After dropping his bat, he made a quick, successful attempt to continue batting and hooked the next ball to the fence. His 81 denied England an innings victory and it was his highest Test score in what would be his final Test for India.
I am sure the Colonel, as he was called, had a role to play in my selection for India’s 1954-55 tour of Pakistan. The BCCI requested state associations to send their promising first-class cricketers to Delhi for selection trials conducted by Nayudu.
After dividing the lot into batsmen and bowlers, he asked us to queue up. Putting on his gloves, he walked into the net with a bat, but without pads. When he asked the young fast bowlers to bowl at him, they didn’t have the heart to do so at full throttle. He was 58 years old. Noticing their hesitancy, he yelled, “I want you all to bowl fast. Don’t you want to be picked for India?” When they obeyed his orders, we saw something that we will remember forever.
Nayudu middled every ball. Some of those bowlers like V. Rajindernath and G.R. Sunderam went on to wear India colours.
When it was our turn to bat, he took the ball and many a time bowled at shoulder height on the leg side.
Some batsmen hooked his deliveries and ended up being caught while I played with a straight bat and concentrated on hitting the ball along the ground. After my session, he asked where I came from. When I said Baroda, he smiled and asked, “How is Hazare?” He had noticed that I had modelled myself on Vijay Hazare.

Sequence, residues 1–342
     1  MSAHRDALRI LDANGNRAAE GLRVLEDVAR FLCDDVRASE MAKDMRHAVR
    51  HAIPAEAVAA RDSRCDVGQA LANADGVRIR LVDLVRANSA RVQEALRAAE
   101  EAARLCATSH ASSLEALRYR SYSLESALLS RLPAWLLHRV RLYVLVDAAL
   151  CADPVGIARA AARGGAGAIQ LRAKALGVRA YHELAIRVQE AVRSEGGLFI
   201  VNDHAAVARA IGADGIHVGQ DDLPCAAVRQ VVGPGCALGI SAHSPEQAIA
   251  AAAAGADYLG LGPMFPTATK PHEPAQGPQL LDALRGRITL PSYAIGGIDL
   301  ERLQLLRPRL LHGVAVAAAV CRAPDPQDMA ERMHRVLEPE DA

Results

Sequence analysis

He was stern and had gained huge respect among the cricket fraternity. Very few had the courage to contradict him, but he was a kind man in many ways.
Watching good cricket made his day. Long after he quit as national selector, he happened to be visiting Nagpur for a break and made it a point to watch a game which I figured in. To me, that was true love for the sport and it was only one of the many examples of Nayudu’s contribution to Indian cricket.
His popularity would match that of the biggest stars in the game today.
The late Dicky Rutnagur, the cricket writer, once wrote that schoolboys left their classes and businessmen stopped trading to be at Bombay Gymkhana when they heard C. K. Nayudu had arrived at the crease. After obliging a young boy with her autograph, Sarojini Naidu, known as the Nightingale of India, asked the kid if he knew who she was. “Yes,” he said. “You are C.K. Nayudu’s wife!”
In 1967, while waging a losing battle for life in Indore, his family had to insert an announcement in the local newspapers requesting admirers not to visit him for his birthday on October 31.
I felt deeply honoured to be a recipient of an award instituted in his memory by the BCCI in 2003.
It was also very special because the C.K. Nayudu Lifetime Achievement Award was presented to me at the C.K. Nayudu Hall of the Cricket Club of India not far away from the Bombay Gymkhana where the great man played some of his finest innings with grace, grandeur and bravado.
(This is an abridged version of an article published in Wisden India Almanack 2014)